As you can see, Task is a POJO class. Its purpose is to store the information that you’ll save or retrieve from the database.

The next step is to make a request class, where you’ll receive the payload sent from the endpoint that creates the task.

On src/main/java/com/justanotherdevblog/todoapp/request/ add the following code:

public class TaskRequest {

    private String description;

    public String getDescription() {
        return description;
    }

    public void setDescription(String description) {
        this.description = description;
    }
}

The database generates the id automatically, which means the payload only needs to have a description field.

You’ll also need a class to represent the data from the response. Let’s create it.

On src/main/java/com/justanotherdevblog/todoapp/response create the following class:

public class TaskResponse {

    private UUID id;
    private String description;

    public TaskResponse(UUID id, String description) {
        this.id = id;
        this.description = description;
    }

    public UUID getId() {
        return id;
    }

    public String getDescription() {
        return description;
    }

}

The response contains both the description and the id. Since this class is used as a response from the create task endpoint, having an id allows API users to retrieve the task later on.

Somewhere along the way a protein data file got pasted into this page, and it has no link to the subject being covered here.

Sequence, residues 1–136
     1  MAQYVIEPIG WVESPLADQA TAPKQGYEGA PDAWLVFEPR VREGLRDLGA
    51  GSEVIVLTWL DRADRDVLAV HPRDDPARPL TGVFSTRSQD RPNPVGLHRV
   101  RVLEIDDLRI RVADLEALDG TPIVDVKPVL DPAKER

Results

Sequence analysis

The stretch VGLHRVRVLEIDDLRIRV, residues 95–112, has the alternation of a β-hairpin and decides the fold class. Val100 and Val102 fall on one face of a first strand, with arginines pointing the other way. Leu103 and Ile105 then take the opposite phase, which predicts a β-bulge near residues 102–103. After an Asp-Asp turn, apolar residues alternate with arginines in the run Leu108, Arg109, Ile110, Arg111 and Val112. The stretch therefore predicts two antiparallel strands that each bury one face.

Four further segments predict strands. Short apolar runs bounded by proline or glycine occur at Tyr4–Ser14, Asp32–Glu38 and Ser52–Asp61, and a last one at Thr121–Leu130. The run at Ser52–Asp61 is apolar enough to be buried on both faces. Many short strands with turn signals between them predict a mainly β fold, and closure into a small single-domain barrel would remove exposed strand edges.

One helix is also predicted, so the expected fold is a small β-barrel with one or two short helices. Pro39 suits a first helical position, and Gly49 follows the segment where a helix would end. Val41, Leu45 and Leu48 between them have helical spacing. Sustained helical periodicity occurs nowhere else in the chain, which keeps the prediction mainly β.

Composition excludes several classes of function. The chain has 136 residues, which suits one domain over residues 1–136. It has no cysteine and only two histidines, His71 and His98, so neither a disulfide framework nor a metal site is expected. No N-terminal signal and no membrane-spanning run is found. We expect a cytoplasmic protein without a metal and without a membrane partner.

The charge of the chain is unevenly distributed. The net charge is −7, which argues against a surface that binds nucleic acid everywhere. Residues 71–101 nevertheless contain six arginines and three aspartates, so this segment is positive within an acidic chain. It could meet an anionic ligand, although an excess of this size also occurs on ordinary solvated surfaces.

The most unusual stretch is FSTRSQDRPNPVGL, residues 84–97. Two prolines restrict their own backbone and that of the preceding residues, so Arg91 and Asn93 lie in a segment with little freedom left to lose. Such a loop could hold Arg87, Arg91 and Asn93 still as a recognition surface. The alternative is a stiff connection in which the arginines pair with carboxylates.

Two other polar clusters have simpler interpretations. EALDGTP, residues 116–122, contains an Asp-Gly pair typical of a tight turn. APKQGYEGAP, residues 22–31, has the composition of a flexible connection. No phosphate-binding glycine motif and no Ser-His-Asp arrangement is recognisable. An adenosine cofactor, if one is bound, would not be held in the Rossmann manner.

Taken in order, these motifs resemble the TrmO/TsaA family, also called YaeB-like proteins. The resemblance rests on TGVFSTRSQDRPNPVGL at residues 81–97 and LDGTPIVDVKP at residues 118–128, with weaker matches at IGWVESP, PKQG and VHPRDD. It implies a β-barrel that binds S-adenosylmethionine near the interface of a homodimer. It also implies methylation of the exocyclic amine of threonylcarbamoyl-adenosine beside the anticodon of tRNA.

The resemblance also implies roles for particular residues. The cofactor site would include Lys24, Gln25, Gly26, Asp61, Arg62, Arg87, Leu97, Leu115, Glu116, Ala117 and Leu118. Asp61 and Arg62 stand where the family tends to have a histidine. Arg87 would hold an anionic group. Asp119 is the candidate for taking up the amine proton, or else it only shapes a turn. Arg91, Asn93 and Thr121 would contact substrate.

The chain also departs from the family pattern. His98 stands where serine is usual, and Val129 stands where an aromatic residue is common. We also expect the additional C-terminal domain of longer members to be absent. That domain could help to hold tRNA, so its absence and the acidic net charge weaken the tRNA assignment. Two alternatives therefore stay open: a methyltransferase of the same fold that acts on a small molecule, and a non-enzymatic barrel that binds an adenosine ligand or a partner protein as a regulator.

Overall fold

Now that you have all the classes that will be used by the endpoints, it’s time to create them.

On src/main/java/com/justanotherdevblog/todoapp/controller add the following class:

@RestController
@RequestMapping("/tasks")
public class TaskController {

    private TaskRepository taskRepository;

    public TaskController(TaskRepository taskRepository) {
        this.taskRepository = taskRepository;
    }

    @PostMapping
    public TaskResponse addTask(@RequestBody TaskRequest request) {
        Task task = taskRepository.insertTask(request.getDescription());
        return new TaskResponse(task.getId(), task.getDescription());
    }

    @GetMapping("/{taskId}")
    public TaskResponse getTask(@PathVariable("taskId") UUID taskId) {
        Task task = taskRepository.findById(taskId);
        return new TaskResponse(task.getId(), task.getDescription());
    }
    
}

This is a typical Spring controller. It expects GET and POST requests on the /tasks URI.

If the user sends a POST request, it will create a new task, save it on the database, and return the result. If the request is a GET, it will go to the database, retrieve the Task and return the result.

Wait… The code is not compiling yet. There is a class that you didn’t create and it’s used here.

The TaskRepository class represents the connection with the database. It’s here that the trick to make JDBI and Spring integrate happens. Without further ado, let’s see how you can make it work!

Integrate JDBI and Spring Boot

Let’s start by creating the interface that uses JDBI.

On src/main/java/com/justanotherdevblog/todoapp/repository create the following class: